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Saudi Arabia intercepts another Houthi missile fired towards Riyadh

By Reuters - Dec 20,2017 - Last updated at Dec 20,2017

RIYADH — Saudi air defences intercepted a ballistic missile fired towards the capital Riyadh on Tuesday, the Saudi-led coalition said, the latest attack by a Yemeni group that could escalate a proxy war between the kingdom and regional rival Tehran.

There was no immediate report of casualties or damages.

The Iran-aligned Houthi movement said the missile targeted the royal court at Al Yamama palace, where a meeting of Saudi leaders was under way, describing the attack as a new chapter in the conflict. 

The Saudi-led coalition said the missile was directed at residential areas and there were no damages, the Saudi state news agency SPA reported. 

Quoting a statement from the coalition, SPA said Iranian-made missiles were a threat to regional and international security, and accused the Houthis of using humanitarian entry points to import missiles from Saudi Arabia’s arch-foe Iran.

“Coalition forces confirm intercepting an Iranian-Houthi missile targeting [the] south of Riyadh. There are no reported casualties at this time,” the government-run Centre for International Communication wrote on its Twitter account.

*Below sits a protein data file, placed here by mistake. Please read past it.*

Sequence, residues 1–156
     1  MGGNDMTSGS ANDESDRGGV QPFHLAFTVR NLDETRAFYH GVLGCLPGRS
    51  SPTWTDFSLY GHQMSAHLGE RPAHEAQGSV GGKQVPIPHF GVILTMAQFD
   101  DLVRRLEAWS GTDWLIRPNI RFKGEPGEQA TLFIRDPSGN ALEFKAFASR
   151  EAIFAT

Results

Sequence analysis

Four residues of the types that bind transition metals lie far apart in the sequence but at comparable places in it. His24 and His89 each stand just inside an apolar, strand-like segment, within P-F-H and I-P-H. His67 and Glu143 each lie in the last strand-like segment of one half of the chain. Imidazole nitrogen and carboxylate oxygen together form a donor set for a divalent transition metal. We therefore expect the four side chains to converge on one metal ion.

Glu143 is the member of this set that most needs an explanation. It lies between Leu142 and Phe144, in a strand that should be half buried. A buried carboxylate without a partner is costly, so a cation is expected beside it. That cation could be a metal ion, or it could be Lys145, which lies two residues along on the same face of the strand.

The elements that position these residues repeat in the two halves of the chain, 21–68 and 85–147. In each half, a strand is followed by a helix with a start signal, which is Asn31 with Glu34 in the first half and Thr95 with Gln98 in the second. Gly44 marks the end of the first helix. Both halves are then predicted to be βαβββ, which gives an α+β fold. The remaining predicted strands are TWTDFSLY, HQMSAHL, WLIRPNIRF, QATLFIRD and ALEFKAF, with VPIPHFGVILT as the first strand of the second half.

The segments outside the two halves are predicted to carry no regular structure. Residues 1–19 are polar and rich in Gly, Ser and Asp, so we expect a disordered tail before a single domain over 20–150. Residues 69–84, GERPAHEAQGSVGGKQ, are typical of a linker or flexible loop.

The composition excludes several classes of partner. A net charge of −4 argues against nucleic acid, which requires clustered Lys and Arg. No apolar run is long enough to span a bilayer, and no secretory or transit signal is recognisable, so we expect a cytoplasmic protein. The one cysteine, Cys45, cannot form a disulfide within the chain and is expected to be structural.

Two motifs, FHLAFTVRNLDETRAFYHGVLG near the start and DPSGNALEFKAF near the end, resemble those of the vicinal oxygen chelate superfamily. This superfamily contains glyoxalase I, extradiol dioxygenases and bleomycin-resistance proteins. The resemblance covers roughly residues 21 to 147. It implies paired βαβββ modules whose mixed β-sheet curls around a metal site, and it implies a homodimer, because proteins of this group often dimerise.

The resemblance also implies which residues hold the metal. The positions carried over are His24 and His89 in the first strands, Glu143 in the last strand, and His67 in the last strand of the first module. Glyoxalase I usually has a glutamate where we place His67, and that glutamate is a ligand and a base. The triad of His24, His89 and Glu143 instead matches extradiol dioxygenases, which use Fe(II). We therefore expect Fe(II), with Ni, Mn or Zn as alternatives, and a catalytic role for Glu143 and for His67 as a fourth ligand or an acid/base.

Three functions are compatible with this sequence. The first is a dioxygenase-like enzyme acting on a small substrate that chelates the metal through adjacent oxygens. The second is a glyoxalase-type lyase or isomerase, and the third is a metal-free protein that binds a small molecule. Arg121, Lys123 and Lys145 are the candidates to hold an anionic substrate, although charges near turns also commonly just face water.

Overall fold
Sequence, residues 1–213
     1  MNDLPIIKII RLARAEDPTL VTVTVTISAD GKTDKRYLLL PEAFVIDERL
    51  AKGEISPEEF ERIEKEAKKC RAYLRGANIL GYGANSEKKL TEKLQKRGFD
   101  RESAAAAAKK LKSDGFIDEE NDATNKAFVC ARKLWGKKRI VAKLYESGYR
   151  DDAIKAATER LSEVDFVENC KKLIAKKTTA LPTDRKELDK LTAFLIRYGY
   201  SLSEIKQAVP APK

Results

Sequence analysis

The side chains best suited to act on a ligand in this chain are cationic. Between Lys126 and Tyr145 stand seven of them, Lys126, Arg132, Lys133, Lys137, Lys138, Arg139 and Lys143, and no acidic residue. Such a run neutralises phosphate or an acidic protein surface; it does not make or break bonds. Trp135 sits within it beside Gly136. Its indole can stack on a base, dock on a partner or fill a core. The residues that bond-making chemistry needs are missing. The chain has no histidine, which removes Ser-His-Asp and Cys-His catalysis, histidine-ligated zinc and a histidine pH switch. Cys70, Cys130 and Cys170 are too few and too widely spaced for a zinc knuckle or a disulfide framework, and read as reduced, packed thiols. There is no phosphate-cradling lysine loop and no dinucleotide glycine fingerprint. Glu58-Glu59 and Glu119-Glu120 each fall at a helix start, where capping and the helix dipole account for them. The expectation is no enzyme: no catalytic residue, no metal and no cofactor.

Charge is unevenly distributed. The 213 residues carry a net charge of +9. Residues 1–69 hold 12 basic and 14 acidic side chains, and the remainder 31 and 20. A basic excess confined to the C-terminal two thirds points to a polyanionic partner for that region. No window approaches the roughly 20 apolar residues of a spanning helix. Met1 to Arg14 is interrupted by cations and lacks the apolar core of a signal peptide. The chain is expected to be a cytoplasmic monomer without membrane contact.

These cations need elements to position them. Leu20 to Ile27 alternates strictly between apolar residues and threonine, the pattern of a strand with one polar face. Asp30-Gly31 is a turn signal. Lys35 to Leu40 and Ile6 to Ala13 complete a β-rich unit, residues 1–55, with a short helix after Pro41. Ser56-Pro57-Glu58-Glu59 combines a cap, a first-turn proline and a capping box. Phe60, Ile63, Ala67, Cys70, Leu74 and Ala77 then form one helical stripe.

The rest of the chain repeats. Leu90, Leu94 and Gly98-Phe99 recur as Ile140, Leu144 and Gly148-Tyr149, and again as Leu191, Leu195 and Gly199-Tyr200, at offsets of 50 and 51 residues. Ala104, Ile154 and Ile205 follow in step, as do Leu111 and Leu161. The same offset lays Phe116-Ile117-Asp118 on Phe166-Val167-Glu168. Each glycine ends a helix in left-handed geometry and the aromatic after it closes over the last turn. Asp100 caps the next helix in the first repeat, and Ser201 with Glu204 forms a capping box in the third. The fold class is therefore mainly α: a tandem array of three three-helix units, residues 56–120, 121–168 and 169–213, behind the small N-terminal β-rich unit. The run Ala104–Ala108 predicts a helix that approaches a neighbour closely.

Saudi palaces, military and oil facilities are within range of such missiles fired from Yemen, the Houthis said, according to a statement distributed via their television channel Al Masirah.

 

A blast, and then smoke 

 

Houthi missiles are often modified by reducing payloads and rarely hit their targets.

Reuters witnesses described hearing a blast and said they saw smoke in the north east of Riyadh.

Saudi Arabia’s Crown Prince Mohammed Bin Salman, has described what Riyadh says is Iran’s supply of rockets to the Houthis as “direct military aggression” that could be an act of war.

Iran, Saudi Arabia’s regional foe, has denied supplying such weaponry to the Houthis who have taken over the Yemeni capital Sanaa and other parts of the country during its civil war.

Saudi Arabia said on November 4 it had intercepted a ballistic missile over Riyadh’s King Khaled Airport, an attack that stirred regional tensions and led the coalition to close Yemeni ports. 

On November 30 Saudi Arabia shot down another missile near the south-western city of Khamis Mushait. 

Last week, the United States presented for the first time pieces of what it said were Iranian weapons supplied to the Houthis, describing it as conclusive evidence that Tehran was violating UN resolutions.

 

The arms included charred remnants of what the Pentagon said was an Iranian-made short-range ballistic missile fired from Yemen in the on November 4 attack, as well as a drone and an anti-tank weapon recovered in Yemen by the Saudis. 

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